We have all seen the horror of people forced to evacuate their homes in towering ‘skyscrapers’ due to serious and often irreparable defects. Countless people suffering financial and personal loss years down the track because unbeknown to them, the building that their apartment is in is uninhabitable and unsafe. The New South Wales State Government has taken proactive legislative measures to prevent this pain and suffering.
The Residential Apartment Buildings (Compliance and Enforcement Powers) Act 2020 (NSW) (the ‘Act’) provides the New South Wales Department of Customer Service with powers to rectify any issues of non-compliance and serious defects in residential apartment buildings. The Act, which commenced on 1 September 2020, hopes to introduce a thorough framework for the construction industry whereby the public are provided with safe apartment living.
Powers of the Secretary
The Act grants the Secretary of the Department of Customer Service with the following powers:
- the ability to issue stop work orders in respect of residential apartment buildings where evidence of non-compliance by builders, contractors and developers can be established;
- the ability to issue work rectification orders to developers if the Secretary reasonably believes that the construction could or has resulted in serious defects; and
- the ability to grant authorised officers investigation powers to undertake testing of the building and other works.
The conferred powers from the Act applies to completed, current and proposed apartment projects. Importantly, the investigation and building work rectification orders may be exercised up to 10 years after an occupation certificate was issued to an apartment building, meaning that developers may be required to rectify serious defects and building non-compliance retrospectively.
Under the Act, ‘serious defects’ include:
- the use of any building products prohibited under the Building Products (Safety) Act 2017 (NSW);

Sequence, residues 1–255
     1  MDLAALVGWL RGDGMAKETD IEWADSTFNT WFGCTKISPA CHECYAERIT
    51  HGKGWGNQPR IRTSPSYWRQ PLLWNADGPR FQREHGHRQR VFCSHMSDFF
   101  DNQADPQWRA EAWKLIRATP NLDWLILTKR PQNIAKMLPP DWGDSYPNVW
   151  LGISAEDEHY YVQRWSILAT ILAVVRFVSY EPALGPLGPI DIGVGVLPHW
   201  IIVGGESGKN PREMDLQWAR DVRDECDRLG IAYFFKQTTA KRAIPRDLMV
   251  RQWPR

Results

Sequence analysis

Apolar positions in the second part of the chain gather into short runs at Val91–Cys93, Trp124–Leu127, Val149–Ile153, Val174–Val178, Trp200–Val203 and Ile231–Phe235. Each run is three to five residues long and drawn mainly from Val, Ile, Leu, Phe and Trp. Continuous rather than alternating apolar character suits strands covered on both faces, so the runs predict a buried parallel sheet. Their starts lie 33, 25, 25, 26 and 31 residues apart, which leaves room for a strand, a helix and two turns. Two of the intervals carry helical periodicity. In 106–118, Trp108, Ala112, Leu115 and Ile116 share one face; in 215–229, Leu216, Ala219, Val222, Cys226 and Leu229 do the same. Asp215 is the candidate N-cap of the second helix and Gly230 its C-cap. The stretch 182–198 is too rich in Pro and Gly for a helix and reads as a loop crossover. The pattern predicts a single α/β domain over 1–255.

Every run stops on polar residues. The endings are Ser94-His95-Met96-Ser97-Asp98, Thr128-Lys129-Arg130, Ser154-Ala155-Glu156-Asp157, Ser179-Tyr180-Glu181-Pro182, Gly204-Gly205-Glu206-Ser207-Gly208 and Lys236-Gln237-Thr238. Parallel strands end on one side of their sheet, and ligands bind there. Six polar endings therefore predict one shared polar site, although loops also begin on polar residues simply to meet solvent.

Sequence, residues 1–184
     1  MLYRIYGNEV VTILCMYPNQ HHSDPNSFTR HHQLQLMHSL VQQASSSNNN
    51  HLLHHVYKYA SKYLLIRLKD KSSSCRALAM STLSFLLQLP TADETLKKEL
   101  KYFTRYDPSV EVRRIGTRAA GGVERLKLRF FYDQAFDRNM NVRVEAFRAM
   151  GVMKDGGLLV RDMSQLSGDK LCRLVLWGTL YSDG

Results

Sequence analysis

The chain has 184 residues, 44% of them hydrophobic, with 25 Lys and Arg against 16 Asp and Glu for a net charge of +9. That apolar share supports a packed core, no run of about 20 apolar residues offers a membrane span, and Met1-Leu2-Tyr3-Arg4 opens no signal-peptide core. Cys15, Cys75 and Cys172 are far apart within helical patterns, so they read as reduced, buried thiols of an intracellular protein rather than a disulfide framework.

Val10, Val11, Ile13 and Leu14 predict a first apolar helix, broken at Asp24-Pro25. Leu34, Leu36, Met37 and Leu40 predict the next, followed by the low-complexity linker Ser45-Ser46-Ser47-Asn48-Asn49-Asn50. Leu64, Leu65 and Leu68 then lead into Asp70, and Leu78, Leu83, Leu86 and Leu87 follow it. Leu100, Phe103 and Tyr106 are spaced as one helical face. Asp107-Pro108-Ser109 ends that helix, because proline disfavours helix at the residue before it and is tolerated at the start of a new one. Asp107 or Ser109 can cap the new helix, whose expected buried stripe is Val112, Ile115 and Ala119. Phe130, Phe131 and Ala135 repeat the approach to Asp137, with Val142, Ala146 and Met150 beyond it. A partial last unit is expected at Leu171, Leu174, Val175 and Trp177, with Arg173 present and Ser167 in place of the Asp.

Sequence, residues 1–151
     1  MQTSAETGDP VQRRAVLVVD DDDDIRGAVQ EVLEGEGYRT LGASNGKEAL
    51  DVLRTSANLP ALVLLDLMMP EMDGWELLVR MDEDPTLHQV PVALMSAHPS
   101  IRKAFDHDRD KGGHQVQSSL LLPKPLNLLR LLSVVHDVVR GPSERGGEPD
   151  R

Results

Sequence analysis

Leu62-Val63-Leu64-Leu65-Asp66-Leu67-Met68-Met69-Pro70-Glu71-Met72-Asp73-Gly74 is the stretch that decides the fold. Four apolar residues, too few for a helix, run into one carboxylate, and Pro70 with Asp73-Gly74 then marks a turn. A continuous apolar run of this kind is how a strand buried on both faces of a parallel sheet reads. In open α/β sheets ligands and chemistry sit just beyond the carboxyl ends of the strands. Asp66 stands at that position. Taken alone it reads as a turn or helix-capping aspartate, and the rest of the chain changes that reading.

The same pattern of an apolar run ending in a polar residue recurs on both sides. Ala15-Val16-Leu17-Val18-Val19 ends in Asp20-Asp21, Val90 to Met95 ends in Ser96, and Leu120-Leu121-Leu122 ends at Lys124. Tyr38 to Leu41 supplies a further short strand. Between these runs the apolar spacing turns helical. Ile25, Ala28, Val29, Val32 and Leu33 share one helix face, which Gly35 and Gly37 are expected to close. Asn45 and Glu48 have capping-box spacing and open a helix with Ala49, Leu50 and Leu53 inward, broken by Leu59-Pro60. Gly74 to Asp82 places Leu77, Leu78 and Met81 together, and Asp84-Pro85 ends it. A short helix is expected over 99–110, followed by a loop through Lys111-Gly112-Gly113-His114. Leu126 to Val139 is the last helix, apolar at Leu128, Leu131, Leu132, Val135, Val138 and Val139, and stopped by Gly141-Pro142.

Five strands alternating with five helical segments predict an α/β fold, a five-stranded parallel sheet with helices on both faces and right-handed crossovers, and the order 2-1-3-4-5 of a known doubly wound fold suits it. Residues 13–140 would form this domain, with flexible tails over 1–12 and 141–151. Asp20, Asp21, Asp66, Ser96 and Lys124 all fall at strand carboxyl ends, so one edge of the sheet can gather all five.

- a defect attributable to a failure to comply with requirements under the Building Code of Australia, relevant Australian Standards or the relevant approved plans by an authority; and
- any defect likely to prevent habitation or use of the building for its intended purpose.
Notification of Occupation Certificate
The Act also introduced the requirements of developers to notify the Secretary prior to applying for an occupation certificate for a development at least 6 months, but not more than 12 months, prior to applying for that occupation certificate. This notice is then required to be amended within 7 days of the developer becoming aware of a change in the application time for the occupation certificate. The purpose of this notification is to provide the Department of Customer Service with ample time to investigate and inspect the building prior to an occupation certificate being issued.
If notice is not provided in accordance with the Act, or serious defects are found during inspection by the Department, the Secretary can issue prohibition orders which prevent an occupation certificate being issued.
It is clear that the Act will have serious impacts for both purchasers and developers alike.
For developers of residential apartment buildings, obtaining occupation certificates is one of the most crucial steps in eventually selling properties. Developers will now be required to pay additional care and attention to not only the construction of their development, but also the notification and compliance requirements introduced under the Act.
For prospective purchasers and current owners of residential apartments, the Act will aim to ensure a heightened level of safety and attention to your residing premises. It is important to consider however that the new requirements of developers may lead to unforeseen and unexpected delays in completion of your apartment. Whilst this is a small price to pay for safety and the longevity of your home, it is an important consideration.
Should you be a party that may be impacted by the new implications of the Residential Apartment Buildings (Compliance and Enforcement Powers) Act 2020 (NSW), please contact our Property Law Department by phoning 02 4626 5077 to ensure your rights and obligations are being protected and upheld.
This article first appeared in the CCH Australian Tort, Personal Injury, Health and Medical Law Tracker and is reproduced in full with permission from CCH, a division of Wolters Kluwer Australia: www.wolterskluwer.cch.com.au
The contents of this publication are for reference purposes only. This publication does not constitute legal advice and should not be relied upon as legal advice. Specific legal advice should always be sought separately before taking any action based on this publication.